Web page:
I have heard many things about divorce recovery: “It takes 5 years to recover from a divorce” and “it takes half the time you were together to recover from a divorce.” I am 2.5 years post divorce. So in the instance of the first statement, I am halfway there. In the second timetable, I’ve got hell of a long way to go. Half of 18 years is 9. Not to mention the 2 we were together before marriage.

My point is this: I think that until I begin tearing my brick wall down from the inside, brick by brick, I will be, in essence, trapped by my own pain.

I can’t do that. No more. I want to move forward and to heal. I have healed a lot, but this epiphany seems to suggest the next phase in my healing process will take some heavy lifting on my part.

She’s a brick house, indeed. She’s got lots of bricks to repurpose into a new house.

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Webs and Flows

If you have ever sat in silence on a beach and did nothing but contemplate the ocean waves rolling ashore across the sand, you will notice many things.

First, every wave is unique.  Each one is like a fingerprint and the ocean has millions upon millions of unique fingerprints.  No two are alike.  Some are gentle and have very little break, while others break quickly and come ashore full of noise, froth and movement.  In specific spots on the planet, there are waves that are giant sea monsters, taking on a life of its own, growing taller than some multi-story buildings, and curling back in on itself to form a pipeline.  Personally, I prefer the gentle, quiet ones that cause little disruption and are beautiful in their simplicity.

The next thing you might notice about the ocean is that it is a moving force.  If you look further than the breaking waves on shore, out in the distance, you will notice swells, peaks and valleys that never quite fully form into the waves their counterparts eventually become.  It’s like a pan of liquid coming to a “rolling boil.”  While not much happens on the surface, it is obvious that much is happening below.  It is awe-some and not a little terrifying.

Lastly, the most obvious part of the ocean waves are the aftermath.  The receding water comes sweeping in with majestic and powerful force, after building up for perhaps several miles, then just as suddenly as it breaks into a wave, it is gone, taking most of what it covered back out to sea:  shells, trash, toys, jewelry, clothing, and the occasional sea life.  Sometimes, too, the waves leave gifts upon the shore, gifts from other parts of the sea that have been swept out, taken from one place and deposited in a different location altogether.

Mostly, waves sweep landward, destroying sand castles and erasing words written in the sand by playful beach-goers.  There is nothing left.  Nothing, that is, but the sand.

The sand has a magical quality about it of just swallowing up the water, reforming into a flat surface and never giving up any of the secrets formerly imprinted there.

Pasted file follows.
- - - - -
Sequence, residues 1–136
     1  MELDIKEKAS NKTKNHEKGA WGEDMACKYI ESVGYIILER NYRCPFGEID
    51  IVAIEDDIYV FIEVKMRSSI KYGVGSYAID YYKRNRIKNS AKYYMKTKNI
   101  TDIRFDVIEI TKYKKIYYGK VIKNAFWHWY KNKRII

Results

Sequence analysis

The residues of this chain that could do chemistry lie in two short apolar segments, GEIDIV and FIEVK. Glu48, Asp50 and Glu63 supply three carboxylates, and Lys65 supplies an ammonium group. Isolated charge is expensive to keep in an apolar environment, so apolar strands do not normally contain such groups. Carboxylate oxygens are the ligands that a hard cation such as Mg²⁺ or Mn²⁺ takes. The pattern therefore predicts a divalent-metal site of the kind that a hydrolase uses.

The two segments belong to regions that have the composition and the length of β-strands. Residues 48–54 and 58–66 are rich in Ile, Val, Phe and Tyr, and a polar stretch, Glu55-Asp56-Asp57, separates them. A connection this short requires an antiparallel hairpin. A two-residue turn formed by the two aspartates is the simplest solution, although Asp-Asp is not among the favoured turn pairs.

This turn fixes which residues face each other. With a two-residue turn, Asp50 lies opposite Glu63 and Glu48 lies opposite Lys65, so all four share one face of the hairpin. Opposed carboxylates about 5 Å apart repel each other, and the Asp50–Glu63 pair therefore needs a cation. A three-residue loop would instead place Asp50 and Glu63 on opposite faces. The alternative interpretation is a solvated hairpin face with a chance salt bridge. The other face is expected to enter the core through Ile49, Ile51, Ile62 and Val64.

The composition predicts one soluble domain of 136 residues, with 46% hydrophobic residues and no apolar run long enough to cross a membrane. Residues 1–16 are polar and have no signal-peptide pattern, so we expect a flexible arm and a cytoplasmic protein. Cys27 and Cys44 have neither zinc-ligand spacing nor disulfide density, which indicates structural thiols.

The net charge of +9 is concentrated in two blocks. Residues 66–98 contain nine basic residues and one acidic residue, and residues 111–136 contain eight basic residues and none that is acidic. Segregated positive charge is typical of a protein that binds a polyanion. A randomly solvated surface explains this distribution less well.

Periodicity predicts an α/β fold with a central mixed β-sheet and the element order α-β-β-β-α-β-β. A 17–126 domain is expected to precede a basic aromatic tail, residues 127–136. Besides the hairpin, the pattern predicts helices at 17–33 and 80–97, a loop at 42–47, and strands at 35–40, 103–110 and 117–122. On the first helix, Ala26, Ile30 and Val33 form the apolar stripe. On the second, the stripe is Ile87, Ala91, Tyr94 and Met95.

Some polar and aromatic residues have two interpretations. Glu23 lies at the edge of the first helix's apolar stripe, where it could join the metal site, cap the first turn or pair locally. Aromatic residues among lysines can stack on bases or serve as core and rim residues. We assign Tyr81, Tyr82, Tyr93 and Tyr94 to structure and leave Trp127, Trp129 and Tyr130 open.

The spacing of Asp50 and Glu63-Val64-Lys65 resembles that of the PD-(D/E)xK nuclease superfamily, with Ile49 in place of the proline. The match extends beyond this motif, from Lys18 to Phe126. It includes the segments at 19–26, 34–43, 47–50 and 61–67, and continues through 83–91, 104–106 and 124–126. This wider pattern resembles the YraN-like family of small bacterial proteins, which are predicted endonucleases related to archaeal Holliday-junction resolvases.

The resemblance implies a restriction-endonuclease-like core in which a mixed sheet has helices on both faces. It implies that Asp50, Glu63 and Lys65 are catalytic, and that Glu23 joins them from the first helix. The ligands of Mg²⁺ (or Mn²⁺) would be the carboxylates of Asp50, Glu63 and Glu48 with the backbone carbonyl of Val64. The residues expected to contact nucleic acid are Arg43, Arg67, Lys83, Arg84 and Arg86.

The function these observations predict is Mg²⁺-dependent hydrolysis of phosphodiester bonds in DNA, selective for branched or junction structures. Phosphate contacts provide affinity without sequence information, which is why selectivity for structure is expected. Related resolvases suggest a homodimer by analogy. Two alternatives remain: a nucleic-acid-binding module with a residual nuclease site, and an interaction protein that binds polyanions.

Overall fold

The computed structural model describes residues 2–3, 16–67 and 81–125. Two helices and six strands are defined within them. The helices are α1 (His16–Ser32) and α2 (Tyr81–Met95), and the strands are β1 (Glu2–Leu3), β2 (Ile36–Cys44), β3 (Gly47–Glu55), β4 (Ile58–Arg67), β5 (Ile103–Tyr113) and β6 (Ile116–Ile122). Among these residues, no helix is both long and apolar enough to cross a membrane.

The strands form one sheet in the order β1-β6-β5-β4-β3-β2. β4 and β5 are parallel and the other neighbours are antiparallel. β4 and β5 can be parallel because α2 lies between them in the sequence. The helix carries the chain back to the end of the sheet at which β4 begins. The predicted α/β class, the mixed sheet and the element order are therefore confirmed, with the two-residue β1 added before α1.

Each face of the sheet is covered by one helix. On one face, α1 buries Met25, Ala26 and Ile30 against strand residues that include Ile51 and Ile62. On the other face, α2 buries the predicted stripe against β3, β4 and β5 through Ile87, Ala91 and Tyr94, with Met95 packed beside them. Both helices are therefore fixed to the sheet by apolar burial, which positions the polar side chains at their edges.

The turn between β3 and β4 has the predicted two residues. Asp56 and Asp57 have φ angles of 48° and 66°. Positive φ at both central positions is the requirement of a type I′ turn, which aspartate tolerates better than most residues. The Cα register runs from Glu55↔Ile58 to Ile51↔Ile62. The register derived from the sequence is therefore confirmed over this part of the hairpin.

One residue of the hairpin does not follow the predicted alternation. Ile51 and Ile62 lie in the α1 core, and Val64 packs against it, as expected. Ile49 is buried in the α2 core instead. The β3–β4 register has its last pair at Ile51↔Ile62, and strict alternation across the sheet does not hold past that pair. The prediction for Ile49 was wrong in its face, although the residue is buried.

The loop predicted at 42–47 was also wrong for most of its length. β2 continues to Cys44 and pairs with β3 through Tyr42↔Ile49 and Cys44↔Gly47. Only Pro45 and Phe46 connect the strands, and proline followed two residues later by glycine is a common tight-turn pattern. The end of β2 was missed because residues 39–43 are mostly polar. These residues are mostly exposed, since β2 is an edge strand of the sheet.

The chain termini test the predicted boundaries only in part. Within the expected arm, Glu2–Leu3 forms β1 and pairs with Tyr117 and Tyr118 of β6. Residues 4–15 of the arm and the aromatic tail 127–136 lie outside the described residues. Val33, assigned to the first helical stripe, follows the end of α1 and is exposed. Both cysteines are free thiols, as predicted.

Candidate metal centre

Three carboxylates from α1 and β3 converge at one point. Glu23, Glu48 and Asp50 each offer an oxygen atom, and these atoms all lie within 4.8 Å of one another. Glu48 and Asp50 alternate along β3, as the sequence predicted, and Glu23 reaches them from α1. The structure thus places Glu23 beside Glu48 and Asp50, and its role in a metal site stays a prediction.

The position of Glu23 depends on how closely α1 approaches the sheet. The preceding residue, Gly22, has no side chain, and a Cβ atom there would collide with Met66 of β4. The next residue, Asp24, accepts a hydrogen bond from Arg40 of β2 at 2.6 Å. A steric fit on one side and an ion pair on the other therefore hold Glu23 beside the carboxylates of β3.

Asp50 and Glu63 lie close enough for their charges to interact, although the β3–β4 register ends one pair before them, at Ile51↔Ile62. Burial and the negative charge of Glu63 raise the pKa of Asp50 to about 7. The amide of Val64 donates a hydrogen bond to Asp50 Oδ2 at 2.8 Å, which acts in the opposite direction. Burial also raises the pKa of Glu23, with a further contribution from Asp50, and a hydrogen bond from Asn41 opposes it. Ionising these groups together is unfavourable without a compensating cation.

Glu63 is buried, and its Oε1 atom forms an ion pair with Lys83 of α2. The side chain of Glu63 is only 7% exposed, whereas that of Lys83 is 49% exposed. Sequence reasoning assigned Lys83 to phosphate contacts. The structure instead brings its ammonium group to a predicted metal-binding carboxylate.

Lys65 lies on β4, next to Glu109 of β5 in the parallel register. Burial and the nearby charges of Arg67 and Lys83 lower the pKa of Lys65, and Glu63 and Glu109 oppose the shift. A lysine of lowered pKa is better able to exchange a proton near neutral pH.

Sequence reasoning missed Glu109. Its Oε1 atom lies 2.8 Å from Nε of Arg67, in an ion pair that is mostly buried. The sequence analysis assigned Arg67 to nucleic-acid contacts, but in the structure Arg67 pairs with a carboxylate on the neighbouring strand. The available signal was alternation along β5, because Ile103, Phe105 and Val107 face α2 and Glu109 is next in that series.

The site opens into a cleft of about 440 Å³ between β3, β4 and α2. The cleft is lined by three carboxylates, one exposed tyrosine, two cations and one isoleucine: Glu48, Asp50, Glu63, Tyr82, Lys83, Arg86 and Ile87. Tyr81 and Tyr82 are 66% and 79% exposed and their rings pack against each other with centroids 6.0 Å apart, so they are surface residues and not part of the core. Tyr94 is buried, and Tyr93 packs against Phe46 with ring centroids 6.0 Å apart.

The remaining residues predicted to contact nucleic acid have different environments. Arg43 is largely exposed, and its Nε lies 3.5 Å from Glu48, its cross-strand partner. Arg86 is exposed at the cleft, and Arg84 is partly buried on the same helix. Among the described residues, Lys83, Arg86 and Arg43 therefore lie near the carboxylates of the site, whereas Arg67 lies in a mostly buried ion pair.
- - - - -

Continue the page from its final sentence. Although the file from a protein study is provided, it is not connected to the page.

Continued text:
So many times I wish my life were like the sand:  constantly wiped clean and rid of all the detritus that clutters my days (and my house!).  I could start with a fresh slate with every single wave.  But what would I lose?

I would lose the memory of happier times, the joy of current moments and the lessons learned along the way:  essentially, I’d be trapped in a “Groundhog Day” web, never able to escape and move on. The more I would struggle to free myself from the strands of repetition, the tighter their grasp would become. I would wither from lack of sustenance–experiences that would help me grow–and eventually cease to exist. How altogether unpleasant.

The other day I walked along the beach at sunset. The sand was almost not visible for all the shells covering its surface. The waves washed over those shells leaving them sparkling in the waning sunlight and making them appear new and fresh.

I stopped, mesmerized by the picture at my feet. The sand was literally buried beneath a layer of shells. Imagine each one of those shells as a different life experience. Some of them are perfect and whole, without blemish, chip or discoloration. But look closely at the picture. Most are damaged with holes, cracks, divots, stains, and missing pieces. Many are simply fragments of what once was beautiful. I found many pieces of what I knew were once stunning displays of sea life. And diving head first into cliche-land, I identified absolutely with those shattered pieces more than with the beautiful, whole and perfect shells.

I am such a broken creature, with chips, cracks, missing pieces, and edges worn down by repeated bashing of the waves. And yet, like those shells, I am beautiful. I don’t always believe it and often times I see the exact opposite of beauty when I look at myself. But the truth is undeniable.

There is beauty in brokenness. The web that entangles my life also creates something so ethereal and so precious.

It creates me.